Facebook’s Adam Mosseri on Why You’ll See Less Video, More From Friends


Facebook on Thursday announced sweeping changes to the way it plans to manage the newsfeed, the front door to the service for its 2 billion monthly users. Under the new regime, Facebook says users will see more content from friends and family, and less from brands and publishers. The new algorithm also will favor content that draws a lot of comments over posts that are popular, but don’t elicit comments.

Fred Vogelstein sat down with Adam Mosseri, Facebook’s vice-president in charge of newsfeed, to discuss the changes and why Facebook thinks they are necessary. Edited excerpts follow:

FRED VOGELSTEIN: Tell me about the announcement.

ADAM MOSSERI: So what we’re talking about is a ranking change where we’re trying to focus or trying to look at how we might help—or use ranking to help people become closer together, connect people more. Newsfeed was founded—or Facebook was founded in a lot of ways—to connect people. So we want to see if we can do that better.

So what we’re going to try and do is better identify and value meaningful social interactions between people. We want newsfeed to be a place where people have conversations, where they connect with people. So we’re going to focus more on that, and less on how much time people spend on Facebook and on newsfeed, and less on even how much they share directly.

And so this will mean that a number of different things will happen, but content that generally gets—that facilitates or inspires more meaningful conversation or meaningful interactions between people will get more distribution, and content that does so less will get less distribution.

There will be more friend content and family content. There will also be more group content. Group content tends to inspire a lot of conversation. Communities on Facebook are becoming increasingly active and vibrant.

There will be less video. Video is an important part of the ecosystem. It’s been consistently growing. But it’s more passive in nature. There’s less conversation on videos, particularly public videos.

There will be less content directly from (professional) Pages. Page content will still be an important part of the ecosystem, but it will shift a little bit. Content that is shared and talked about between friends will grow, and content that’s directly consumed from Pages directly will shrink slightly.

FV: You guys tweak newsfeed all the time. This sounds like more than a tweak.

AM: So what we want to make sure is that anytime we make any major ranking change, we explain it proactively. But we make lots and lots of changes. Most of them are very small in nature with small effects, maybe they’re fixing a bug here, maybe it’s getting a little bit better at predicting shares there. But those we don’t talk about because they don’t have material effect. They add up over time, but we don’t want to inundate everybody with every small thing that we do.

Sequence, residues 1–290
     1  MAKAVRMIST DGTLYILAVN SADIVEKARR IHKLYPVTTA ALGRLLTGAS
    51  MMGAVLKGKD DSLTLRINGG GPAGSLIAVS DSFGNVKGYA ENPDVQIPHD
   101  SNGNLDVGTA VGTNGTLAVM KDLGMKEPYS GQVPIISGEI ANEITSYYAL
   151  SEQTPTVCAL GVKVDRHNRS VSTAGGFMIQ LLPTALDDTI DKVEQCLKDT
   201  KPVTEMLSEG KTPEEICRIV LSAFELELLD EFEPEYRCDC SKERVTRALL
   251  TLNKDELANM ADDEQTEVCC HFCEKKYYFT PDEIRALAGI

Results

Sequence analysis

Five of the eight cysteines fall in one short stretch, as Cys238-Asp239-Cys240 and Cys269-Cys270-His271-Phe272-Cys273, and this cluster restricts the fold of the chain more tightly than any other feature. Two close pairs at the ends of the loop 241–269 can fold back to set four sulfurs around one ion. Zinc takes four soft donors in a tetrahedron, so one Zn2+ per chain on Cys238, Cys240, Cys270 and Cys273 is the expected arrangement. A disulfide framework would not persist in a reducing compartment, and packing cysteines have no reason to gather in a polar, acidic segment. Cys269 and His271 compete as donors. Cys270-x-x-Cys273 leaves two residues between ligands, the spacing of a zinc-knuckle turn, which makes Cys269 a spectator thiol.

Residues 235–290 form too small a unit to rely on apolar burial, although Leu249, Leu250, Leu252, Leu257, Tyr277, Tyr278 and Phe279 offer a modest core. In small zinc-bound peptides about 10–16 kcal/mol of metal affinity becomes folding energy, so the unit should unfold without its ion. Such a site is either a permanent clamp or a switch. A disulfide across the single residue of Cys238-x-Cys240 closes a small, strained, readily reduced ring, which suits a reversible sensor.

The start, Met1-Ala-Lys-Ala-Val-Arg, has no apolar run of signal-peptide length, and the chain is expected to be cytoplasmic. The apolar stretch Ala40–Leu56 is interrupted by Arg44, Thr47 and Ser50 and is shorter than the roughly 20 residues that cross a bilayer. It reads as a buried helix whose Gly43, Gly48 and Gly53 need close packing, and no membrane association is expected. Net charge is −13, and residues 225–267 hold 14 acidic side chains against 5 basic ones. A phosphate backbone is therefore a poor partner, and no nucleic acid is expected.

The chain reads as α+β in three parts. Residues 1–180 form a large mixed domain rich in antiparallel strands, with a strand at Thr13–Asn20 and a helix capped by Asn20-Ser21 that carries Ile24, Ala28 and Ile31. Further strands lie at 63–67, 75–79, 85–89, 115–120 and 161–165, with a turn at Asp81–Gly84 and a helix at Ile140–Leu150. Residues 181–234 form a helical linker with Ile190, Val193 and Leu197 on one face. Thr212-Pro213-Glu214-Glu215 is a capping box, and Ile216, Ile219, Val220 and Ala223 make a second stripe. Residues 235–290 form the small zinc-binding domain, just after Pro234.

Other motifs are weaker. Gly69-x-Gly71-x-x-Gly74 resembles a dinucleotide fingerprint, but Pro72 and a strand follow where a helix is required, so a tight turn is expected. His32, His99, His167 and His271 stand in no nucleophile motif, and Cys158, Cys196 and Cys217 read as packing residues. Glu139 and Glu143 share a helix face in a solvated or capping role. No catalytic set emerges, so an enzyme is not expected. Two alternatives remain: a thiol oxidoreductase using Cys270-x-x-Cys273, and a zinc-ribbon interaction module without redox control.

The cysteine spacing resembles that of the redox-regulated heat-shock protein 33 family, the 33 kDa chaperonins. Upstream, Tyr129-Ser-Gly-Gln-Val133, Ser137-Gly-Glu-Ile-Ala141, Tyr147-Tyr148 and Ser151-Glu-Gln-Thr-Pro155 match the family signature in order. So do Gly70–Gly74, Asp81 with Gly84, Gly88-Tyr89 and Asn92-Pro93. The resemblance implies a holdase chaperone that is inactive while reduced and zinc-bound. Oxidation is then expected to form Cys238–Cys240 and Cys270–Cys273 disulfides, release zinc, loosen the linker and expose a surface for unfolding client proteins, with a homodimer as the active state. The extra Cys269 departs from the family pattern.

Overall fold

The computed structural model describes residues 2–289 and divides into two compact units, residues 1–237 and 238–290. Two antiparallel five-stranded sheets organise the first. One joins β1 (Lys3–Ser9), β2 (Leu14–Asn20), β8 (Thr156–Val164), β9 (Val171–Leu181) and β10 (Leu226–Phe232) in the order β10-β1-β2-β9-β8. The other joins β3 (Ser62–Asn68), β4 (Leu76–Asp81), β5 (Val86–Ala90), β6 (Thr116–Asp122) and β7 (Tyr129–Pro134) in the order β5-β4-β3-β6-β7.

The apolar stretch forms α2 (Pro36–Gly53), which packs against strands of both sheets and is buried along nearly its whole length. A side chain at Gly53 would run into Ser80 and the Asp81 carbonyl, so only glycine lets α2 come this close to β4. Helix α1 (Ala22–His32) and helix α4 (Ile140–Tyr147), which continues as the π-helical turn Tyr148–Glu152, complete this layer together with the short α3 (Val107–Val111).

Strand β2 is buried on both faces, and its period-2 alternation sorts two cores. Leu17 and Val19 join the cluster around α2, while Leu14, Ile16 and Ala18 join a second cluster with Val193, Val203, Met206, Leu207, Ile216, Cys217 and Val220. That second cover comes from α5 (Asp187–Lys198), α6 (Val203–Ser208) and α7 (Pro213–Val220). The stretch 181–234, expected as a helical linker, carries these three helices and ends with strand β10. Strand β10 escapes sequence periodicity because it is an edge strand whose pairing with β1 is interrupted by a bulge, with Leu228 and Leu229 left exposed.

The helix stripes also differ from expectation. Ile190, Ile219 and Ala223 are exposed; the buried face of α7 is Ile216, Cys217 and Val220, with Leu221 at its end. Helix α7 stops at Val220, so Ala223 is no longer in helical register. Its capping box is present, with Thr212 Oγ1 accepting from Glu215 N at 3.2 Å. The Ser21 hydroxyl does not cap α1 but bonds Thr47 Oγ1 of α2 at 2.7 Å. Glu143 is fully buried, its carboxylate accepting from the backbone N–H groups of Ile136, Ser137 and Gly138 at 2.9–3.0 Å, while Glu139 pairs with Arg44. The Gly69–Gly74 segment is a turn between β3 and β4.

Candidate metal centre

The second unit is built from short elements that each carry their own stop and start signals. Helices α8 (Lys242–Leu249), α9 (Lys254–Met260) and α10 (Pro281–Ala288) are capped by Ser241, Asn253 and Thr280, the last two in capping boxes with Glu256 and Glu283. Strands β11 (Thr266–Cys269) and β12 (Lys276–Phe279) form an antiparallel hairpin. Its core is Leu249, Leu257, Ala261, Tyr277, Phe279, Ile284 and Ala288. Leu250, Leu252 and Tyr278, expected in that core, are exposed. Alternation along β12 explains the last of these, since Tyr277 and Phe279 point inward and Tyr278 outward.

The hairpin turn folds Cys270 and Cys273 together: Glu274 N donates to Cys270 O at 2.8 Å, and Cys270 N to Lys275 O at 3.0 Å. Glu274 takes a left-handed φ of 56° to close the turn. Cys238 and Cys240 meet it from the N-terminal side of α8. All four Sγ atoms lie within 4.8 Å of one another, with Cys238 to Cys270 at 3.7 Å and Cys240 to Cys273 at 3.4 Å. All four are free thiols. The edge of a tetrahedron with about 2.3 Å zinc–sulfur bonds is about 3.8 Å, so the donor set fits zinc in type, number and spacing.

And so this one is bigger than the average tweak. It’s not a tweak.

FV: The general perception of newsfeed is that popularity and buzz are very important, and that there are pros and cons associated with that. One of the cons, which obviously people have been talking about all year, is that people try to game the system, which tends to promote more extreme kinds of conversations. Is this a way of addressing that?

AM: This is primarily trying to help newsfeed deliver on its core promise of bringing people together, about connecting people with stories from their friends and family that matter to them. But also content that’s not from friends, right? You might have a really engaging conversation with someone who shares interests in a group, for instance.

But connecting people with each other is the value proposition on which our company was built in a lot of ways. So I do think that it’s consistent with what our values have been for a long time. But it’s really about creating more good—helping newsfeed become a place where there’s a vibrant, healthy amount of interaction and discussion. It’s less about reducing any sort of problematic content types, which is another area of work that we focus on intently.

FV: What are the specific things that you’re going to do to make all this happen?

AM: So one of the key things is understanding what types of interactions people find meaningful, what inspires them to interact more or share more in the future. Some of the specific things would be like we’re going to be (weighing) long comments more than short comments, because we find regularly that if you take the time to actually write a more thoughtful perspective on something that correlates positively with a comment that someone actually would respond to or Like. It also correlates negatively with problematic…

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